Pannonia, the countreye nowe called Hungaria whiche toke that name of an other Hungaria nowe named Iulira, a countreye in the northe parte of the world not ferre from the riuer called Tanais, and is trybutarye to the Moscouites. The boundes of Hungry is now moche larger than it was of olde tyme

The usage of Hungary didn't fully standardize until the 18th century; Samuel Johnson refers exclusively to "Hungary" in his dictionary of 1755 (Lexicons of Early Modern English search). It's unclear why Hungary won out over Hungaria, when authors once used both regularly.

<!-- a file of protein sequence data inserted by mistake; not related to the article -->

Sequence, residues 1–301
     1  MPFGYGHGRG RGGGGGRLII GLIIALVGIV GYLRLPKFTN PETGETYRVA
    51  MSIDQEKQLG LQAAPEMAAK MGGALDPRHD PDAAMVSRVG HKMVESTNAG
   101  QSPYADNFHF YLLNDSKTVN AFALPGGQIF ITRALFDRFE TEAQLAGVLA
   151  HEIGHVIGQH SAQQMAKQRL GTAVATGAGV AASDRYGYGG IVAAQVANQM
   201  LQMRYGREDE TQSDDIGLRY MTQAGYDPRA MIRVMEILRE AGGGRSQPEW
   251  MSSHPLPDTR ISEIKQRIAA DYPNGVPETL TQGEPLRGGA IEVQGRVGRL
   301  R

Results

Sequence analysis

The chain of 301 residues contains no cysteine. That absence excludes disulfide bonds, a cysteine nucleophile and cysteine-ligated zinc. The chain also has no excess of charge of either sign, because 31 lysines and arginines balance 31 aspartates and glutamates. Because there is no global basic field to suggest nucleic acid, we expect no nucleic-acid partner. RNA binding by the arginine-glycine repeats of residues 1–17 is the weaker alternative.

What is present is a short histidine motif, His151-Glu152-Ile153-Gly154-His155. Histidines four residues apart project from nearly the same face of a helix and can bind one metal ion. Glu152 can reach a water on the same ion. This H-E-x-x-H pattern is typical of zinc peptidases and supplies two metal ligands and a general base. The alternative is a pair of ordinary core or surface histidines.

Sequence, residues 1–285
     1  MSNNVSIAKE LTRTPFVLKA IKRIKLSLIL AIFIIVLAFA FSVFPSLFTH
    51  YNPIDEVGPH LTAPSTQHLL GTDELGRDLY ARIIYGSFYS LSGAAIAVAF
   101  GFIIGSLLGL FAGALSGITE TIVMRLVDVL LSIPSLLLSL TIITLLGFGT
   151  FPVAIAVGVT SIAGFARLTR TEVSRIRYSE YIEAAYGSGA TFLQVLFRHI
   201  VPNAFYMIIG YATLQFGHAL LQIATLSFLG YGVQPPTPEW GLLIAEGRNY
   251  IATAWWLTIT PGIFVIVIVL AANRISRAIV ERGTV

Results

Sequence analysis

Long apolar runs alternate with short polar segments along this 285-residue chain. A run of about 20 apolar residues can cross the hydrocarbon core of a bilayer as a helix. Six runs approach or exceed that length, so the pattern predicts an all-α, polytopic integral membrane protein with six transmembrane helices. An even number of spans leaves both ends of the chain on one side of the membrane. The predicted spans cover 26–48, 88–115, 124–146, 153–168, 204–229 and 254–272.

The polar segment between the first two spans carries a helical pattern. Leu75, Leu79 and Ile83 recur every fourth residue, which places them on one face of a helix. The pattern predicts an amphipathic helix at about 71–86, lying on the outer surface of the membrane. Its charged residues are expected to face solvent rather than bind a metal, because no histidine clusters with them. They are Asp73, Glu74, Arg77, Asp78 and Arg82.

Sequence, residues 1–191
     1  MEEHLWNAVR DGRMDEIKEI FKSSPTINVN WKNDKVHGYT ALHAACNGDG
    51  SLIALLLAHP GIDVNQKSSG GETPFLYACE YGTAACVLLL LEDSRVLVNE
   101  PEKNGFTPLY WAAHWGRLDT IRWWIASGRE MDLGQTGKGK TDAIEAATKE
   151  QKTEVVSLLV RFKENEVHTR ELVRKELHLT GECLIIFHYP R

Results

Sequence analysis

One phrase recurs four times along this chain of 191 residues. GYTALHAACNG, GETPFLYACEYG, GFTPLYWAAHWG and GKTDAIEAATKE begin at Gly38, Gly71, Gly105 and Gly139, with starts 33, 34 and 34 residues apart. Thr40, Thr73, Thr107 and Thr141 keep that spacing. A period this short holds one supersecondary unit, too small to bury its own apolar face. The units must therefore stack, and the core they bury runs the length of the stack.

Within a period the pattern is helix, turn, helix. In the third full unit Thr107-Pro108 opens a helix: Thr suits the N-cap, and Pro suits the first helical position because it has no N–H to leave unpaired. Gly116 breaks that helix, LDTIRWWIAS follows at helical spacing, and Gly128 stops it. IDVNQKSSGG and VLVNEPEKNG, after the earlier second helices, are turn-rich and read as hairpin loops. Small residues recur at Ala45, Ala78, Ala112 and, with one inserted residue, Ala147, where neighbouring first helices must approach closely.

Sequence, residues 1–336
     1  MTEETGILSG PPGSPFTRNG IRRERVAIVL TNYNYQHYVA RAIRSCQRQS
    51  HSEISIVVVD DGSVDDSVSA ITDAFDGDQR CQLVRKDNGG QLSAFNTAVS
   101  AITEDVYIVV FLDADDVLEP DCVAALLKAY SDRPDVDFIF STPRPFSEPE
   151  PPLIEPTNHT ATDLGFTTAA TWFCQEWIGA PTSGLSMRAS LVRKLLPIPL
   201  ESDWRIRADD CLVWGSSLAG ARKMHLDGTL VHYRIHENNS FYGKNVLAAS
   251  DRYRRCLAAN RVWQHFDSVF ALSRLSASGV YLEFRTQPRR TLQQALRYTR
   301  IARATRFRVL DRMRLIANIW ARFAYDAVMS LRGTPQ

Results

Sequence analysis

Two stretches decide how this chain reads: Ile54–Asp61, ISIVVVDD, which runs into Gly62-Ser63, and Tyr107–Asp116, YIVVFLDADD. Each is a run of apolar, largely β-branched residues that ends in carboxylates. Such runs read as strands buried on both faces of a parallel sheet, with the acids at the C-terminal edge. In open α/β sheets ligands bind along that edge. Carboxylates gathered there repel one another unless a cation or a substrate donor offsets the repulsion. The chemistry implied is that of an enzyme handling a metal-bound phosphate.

So it's messy

Even from those two country's narratives, it's hard to know why Hungary took prominence (despite the presence of Hungaria as a form), or why Austria took hold instead of something like Ostrich. I can trace through the decades which names are used, and make some guesses for these specific words, but they defy generalization to other country names.

For instance, I can say that Saxony and Saxonia both appear in Middle English, but Bavaria was Bauer or Baueres in Middle English before, somehow, the Latin spelling Bavaria took hold (Middle English Corpus). I can't say why Saxony took precedence, let alone whether Hungary and Saxony could be grouped together as following one deterministic rule while Bavaria and Austria together follow another deterministic rule. It feels more arbitrary than that.

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5

There is no "pattern"

OED